Last updated: April 3, 2000
Date: Fri, 17 Mar 2000 20:44:02 -0800
From: Dale Thomas (firstname.lastname@example.org)
Subject: (rx7) (all)Aligning your car LONG
I'm sending this out to all the lists so everybody has a chance to see
it. You should all get a camber/castor gauge from Racer Wholesale or
other similar companies. It will cost you the same or less than just ONE
alignment at a shop. The other things you'll need are a roll of heavy
string or twine and I use six jack stands. That's it.
A slightly more detailed article with pictures is available in the book
"How to Make Your Car Handle".
- The first thing you need to do is find the
centerline of the car. Do not assume the body is true, because most cars
aren't built to that close of a tolerance.The suspension pivots are what
matters, and all measurements should be taken from them. Take careful
measurements and mark the spot on the underside of the car that is the
exact center between the two pivots. Do this at the other end of the
- Now, I use a piece of string between two jack stands for this next
part. Stretch the string tight and have it extend past the car on both
ends and raise it until it just touches your reference marks.This is the
centerline of the chassis.
- Now set up four more jack stands with string
and set them so the string is about two inches from the car on either
side. Have the car on the ground and everything just as you would have
it for driving.
- You measure toe from the string to the WHEEL RIM, so
set the string at a height even with the center of the wheels or the hub
is even better. Now, adjust the string so it's EXACTLY parallel with
your centerline string. After you get it all set up, KILL anyone who
trips over them! Toe measurements are made from the reference string to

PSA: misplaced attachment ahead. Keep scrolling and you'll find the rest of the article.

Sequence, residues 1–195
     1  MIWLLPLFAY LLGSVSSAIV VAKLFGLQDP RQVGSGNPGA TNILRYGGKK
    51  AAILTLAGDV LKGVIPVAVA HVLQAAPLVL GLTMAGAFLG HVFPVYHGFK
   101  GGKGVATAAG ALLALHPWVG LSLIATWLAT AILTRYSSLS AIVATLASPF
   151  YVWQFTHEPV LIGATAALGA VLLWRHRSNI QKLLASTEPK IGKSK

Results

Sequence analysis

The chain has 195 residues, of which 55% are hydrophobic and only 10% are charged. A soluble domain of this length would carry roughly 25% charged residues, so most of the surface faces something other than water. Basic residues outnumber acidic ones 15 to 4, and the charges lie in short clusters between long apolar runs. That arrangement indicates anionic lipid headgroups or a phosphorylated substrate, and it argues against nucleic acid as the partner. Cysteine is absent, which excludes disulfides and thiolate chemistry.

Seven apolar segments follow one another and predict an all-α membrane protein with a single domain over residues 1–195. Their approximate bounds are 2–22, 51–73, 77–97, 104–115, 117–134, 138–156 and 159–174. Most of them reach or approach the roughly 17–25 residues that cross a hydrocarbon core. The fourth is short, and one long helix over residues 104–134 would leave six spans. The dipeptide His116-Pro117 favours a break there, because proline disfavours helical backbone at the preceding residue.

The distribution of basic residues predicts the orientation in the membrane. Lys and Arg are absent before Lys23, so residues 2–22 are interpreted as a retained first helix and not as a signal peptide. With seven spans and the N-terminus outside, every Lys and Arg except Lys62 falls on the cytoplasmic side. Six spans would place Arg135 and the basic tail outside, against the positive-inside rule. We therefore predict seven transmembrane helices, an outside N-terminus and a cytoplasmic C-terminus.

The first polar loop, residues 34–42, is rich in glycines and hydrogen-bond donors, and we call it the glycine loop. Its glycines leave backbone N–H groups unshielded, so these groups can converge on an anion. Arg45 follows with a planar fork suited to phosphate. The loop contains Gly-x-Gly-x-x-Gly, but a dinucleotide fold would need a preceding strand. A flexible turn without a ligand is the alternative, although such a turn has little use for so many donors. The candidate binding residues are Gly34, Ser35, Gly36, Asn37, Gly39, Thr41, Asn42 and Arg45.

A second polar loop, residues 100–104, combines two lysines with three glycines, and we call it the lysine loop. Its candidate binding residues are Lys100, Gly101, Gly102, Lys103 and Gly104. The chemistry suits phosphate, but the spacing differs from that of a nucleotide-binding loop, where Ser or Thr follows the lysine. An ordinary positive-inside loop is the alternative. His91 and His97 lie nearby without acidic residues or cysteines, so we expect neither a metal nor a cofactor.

the wheel rim. Oops, before you measure, make sure your rims are true.
If they aren't you use an average of several toe measurements. This is
very time consuming so hopefully your rims are straight!
this method you are only measuring ONE wheel at a time. So each wheel
will have a toe setting ONE HALF of the total.
Here's an example: if you
want 1/8" toe in, each wheel will have 1/16" toe in when measured to
it's respective reference line. Check the toe setting at the rear by
measuring from the front and rear of the rim to the reference line. The
distance to the front of the rim minus the distance to the rear is the
toe for that wheel. If the toe setting is zero, then the two distances
must be equal.
- Now set the front toe, first making sure the steering is
centered. Checking this is easy with the string, because if it's not
centered, on wheel will have toe-in and the other toe-out. Just turn the
wheel a little and measure again. Take your measurements the same way as
you did on the rear.
Now you should be all set and ready to take on your
favorite twisty road :-) You can also use a much less complicated
method to check the alignment on your motorcycles. If any of you use the
marks on your swingarms when you adjust your chain and you think the
bike is straight, I got a bridge in Brookland I'll sell ya... cheap!